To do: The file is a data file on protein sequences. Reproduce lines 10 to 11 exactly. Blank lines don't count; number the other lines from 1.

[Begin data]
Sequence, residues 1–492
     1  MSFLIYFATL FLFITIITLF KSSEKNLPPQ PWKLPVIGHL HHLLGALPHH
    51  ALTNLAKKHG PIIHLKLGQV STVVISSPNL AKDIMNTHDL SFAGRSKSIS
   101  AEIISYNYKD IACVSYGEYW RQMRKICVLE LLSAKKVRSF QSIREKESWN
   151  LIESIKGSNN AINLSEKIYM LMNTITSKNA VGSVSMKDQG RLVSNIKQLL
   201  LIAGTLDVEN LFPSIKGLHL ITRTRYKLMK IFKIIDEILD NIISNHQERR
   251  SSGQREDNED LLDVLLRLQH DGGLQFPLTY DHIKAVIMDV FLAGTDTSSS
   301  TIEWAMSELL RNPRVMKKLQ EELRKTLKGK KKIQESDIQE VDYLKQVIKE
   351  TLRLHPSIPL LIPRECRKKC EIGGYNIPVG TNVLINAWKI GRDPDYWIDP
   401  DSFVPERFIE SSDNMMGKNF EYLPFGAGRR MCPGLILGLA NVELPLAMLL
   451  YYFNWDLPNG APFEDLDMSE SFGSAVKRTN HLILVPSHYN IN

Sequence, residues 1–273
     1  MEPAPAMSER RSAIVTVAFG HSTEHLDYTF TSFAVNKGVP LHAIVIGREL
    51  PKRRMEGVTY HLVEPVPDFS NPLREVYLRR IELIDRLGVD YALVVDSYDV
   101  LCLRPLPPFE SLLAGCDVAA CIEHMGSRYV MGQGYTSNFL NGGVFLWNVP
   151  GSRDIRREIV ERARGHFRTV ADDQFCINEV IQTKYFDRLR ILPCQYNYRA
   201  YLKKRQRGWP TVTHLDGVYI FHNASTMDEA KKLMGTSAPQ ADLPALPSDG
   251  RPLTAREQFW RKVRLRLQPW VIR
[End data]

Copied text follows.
   401  DSFVPERFIE SSDNMMGKNF EYLPFGAGRR MCPGLILGLA NVELPLAMLL
   451  YYFNWDLPNG APFEDLDMSE SFGSAVKRTN HLILVPSHYN IN